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Melissa McCarthy steals the show as Sean Spicer on ‘SNL’

Melissa McCarthy as Sean Spicer on 'Saturday Night Live'

Credit: Saturday Night Live via YouTube

Has President Trump tweeted yet about “Saturday Night Live?” You know, the one Saturday — as in the “Feb. 4 edition with Kristen Stewart” — that will go down as maybe the most memorable of the season? That one.

Has his press secretary, Sean Spicer? Or New York Times reporter — and former Newsday reporter — Glenn Thrush?

Has the American Family Association? It must have a tweet about the word guest host Stewart uttered during her monologue — one of those seven words you (or George Carlin) can’t say on TV, but which does easily fit in a tweet slamming the guest host who said it.

Tweet, tweet, tweet: Has there been an “SNL” this season that more completely, viscerally, insistently summoned the social media impulses of so many people in so short a time — from the president on to General Mills, parent company of Totino’s Pizza Rolls (star of a mock ad)?

And, by the way, Melissa McCarthy — who is always brilliant on “SNL” — stole the whole thing, in a surprise turn as Spicer, portrayed as an apoplectic, infantile control freak who used the White House press room lectern as a battering ram, and sought to prove Thrush (played by Bobby Moynihan) the most hated reporter in the press corps with a show of hands.

It was a wild “SNL,” and proof (positive) that the new administration in Washington is a gold mine of material that has reanimated the entire late-night TV landscape, from “Late Show” to “JKL” to this particular classic. Nothing missed Saturday or at least missed by much. That’s almost unheard of for “SNL.”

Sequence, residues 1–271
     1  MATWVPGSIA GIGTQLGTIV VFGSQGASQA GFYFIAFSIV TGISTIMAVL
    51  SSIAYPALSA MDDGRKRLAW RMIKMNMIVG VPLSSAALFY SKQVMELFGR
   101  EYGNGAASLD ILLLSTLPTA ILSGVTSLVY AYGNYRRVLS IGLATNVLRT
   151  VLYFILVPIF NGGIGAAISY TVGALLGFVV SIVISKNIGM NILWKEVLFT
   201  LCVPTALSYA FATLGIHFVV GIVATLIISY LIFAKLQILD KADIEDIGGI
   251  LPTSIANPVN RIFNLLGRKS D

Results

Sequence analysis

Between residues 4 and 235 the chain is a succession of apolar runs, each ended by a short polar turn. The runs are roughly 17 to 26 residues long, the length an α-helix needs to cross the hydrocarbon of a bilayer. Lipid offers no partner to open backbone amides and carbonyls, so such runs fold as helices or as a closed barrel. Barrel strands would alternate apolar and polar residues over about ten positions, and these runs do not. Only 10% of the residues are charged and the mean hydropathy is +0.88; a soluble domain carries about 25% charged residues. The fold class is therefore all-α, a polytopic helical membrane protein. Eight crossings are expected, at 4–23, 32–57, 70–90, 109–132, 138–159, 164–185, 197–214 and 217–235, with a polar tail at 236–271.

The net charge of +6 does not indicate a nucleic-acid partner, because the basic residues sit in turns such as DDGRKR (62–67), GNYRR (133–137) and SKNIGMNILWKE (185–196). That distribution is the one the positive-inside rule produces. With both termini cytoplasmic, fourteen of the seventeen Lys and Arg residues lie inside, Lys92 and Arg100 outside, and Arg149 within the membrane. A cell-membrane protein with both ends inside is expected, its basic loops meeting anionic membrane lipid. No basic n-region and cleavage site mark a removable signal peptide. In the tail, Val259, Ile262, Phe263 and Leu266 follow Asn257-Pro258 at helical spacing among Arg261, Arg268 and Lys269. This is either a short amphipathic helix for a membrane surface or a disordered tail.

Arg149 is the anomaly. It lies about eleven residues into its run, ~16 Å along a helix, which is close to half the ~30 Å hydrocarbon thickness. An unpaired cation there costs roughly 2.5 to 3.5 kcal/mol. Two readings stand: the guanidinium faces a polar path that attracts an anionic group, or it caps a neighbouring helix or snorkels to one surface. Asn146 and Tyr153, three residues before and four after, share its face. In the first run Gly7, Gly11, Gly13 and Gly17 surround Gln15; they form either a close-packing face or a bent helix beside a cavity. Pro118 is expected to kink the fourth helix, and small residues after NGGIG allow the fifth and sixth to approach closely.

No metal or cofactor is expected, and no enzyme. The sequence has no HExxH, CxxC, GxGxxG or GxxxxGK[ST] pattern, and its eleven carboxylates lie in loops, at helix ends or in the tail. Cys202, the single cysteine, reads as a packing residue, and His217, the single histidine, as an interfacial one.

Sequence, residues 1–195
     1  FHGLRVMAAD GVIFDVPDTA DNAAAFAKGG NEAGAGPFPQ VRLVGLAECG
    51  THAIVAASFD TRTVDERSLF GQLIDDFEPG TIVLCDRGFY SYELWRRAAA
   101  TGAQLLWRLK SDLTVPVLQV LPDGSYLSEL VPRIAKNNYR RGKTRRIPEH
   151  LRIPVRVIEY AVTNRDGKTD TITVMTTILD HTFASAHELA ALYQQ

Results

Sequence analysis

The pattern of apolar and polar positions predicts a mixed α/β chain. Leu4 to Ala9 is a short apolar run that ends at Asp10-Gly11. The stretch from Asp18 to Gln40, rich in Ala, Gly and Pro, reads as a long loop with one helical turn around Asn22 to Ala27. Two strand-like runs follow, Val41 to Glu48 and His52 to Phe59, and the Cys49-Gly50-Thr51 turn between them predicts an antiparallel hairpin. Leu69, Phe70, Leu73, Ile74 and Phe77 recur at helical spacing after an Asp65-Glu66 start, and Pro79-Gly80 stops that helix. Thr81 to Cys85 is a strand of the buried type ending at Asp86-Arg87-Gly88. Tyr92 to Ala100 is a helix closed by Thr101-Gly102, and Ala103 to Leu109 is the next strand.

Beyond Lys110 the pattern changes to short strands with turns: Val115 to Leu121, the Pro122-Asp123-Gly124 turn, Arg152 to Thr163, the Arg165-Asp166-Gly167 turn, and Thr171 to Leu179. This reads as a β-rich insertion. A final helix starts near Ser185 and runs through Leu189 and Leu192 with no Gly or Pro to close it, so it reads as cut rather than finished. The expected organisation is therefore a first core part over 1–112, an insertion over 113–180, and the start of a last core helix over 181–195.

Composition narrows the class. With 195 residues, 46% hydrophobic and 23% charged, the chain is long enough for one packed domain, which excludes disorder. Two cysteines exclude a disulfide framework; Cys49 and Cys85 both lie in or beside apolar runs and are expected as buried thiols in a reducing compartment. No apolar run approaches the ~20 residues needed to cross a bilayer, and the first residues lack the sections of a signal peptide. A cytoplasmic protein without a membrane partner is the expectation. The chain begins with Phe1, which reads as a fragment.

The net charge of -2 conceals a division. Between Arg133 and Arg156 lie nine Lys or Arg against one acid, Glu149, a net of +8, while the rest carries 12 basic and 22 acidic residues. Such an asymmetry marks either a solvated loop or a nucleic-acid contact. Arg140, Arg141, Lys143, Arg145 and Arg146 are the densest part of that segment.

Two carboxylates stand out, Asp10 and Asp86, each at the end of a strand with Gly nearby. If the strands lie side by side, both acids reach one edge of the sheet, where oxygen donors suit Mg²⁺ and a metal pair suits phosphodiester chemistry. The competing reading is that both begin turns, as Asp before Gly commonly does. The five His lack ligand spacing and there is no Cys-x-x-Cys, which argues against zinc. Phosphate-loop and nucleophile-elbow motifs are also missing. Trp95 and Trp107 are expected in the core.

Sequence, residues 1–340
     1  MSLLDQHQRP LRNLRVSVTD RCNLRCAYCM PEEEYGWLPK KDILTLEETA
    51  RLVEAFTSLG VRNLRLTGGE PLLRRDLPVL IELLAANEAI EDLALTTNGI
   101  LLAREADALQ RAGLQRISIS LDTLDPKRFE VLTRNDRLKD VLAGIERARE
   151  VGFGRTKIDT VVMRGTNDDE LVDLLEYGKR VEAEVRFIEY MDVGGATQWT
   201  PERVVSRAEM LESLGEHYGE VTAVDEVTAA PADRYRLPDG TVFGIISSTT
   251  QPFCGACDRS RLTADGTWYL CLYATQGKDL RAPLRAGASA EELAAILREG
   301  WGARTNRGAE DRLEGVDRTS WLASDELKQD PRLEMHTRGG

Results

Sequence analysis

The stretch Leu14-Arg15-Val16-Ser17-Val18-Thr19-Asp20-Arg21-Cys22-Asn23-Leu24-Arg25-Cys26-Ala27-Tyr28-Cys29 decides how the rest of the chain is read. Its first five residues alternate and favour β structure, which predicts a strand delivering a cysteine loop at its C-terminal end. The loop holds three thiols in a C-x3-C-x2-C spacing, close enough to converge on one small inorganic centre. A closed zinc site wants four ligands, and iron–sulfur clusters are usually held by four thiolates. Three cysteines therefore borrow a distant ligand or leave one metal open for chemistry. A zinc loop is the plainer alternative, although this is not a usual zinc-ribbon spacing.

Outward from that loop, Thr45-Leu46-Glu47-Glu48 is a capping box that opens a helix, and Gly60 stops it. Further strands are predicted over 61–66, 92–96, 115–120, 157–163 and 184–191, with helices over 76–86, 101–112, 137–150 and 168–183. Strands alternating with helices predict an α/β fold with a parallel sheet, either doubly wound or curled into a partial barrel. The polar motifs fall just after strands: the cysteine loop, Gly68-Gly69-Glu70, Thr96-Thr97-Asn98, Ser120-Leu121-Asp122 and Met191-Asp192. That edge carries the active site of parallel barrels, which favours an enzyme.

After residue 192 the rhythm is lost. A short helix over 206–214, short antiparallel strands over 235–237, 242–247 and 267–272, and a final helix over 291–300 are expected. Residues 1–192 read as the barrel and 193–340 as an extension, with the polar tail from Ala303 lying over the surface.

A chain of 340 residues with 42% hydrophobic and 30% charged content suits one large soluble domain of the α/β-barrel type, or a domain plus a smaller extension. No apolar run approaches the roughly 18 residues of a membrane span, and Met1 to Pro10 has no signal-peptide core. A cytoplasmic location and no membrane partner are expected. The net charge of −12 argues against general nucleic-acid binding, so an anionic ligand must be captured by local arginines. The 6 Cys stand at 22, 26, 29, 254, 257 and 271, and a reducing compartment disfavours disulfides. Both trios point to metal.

Alec Baldwin returned as Trump (his first outing since the inauguration), phoning the leaders of various countries, then slamming down the phone with “prepare to go to war,” while counselor Steve Bannon was portrayed as the Grim Reaper during the cold open. Stewart’s monologue then promptly upstaged all that.

Over the years, hosts usually arrive here to promote something, but Aziz Ansari on Jan. 21 and Stewart arrived to promote a point of view about a certain commander-in-chief. The reason Stewart was here was immediately obvious — a series of Trump tweets from 2012, in which he urged her then-boyfriend, Robert Pattinson, to dump her.

Said she, “Four years ago, I was dating this guy named Rob — Robert [Pattinson] — and we broke up and then we got back together and for some reason it made Donald Trump go insane.”

Then later this: “The president is not a huge fan of me, but that is so OK, and Donald, if you didn’t like me then, you’re really probably not going to like me now, ’cause I’m hosting ‘SNL’ and I’m, like, so gay, dude.”

The un-beeped expletive arrived at the end of her monologue, when she said, “I totally care that I’m here ’cause it’s the coolest . . . [expletive] thing.”

Since 2011, McCarthy — who, coincidentally, will star in a big Super Bowl ad for Kia — has hosted “SNL” four times. Those were energetic, memorable outings, in part because McCarthy, along with all her other skills, is such a gifted physical comedian. Last night, she turned the new press secretary into a homunculus with a comb-over and volcanic temper who inverted words, facts and, finally, reality. To make a certain point clear to the dimwitted reporters, he/she also performed a show-and-tell, also priceless and the sort of thing in itself that that could launch all sorts of tweets.

Her bit began with Spicer/McCarthy “apologizing on behalf of YOU to ME, for how you have treated me these last two weeks, and that apology is not accepted.”

The “reporters” in the press room then asked questions.

Spicer/McCarthy was impatient: “Let me wave something shiny in front of you monkeys.”

Thrush/Moynihan pursued this line of questioning: “I want to ask about the travel ban.”

Spicer/McCarthy: “It’s not a ban, the travel ban is not a ban.”

Thrush/Moynihan: “You just called it a ban.”

Spicer/McCarthy: “I’M USING YOUR WORDS.”

Thrush/Moynihan: “The president tweeted, and I quote . . . ”

Spicer/McCarthy: “He’s quoting your words, when you wrote the words, and he wrote them back. It’s circular using of the word and that’s from you. Seriously, are you going to start with this right out of the gate?”

“SNL” and the rest of the late-night TV crew at times struggled to get its footing during the recent campaign, but with Saturday night as evidence, footing has been established. The next four years are gonna be interesting, next week particularly so: Baldwin guest hosts.

Meanwhile, McCarthy has an open “SNL” invitation.

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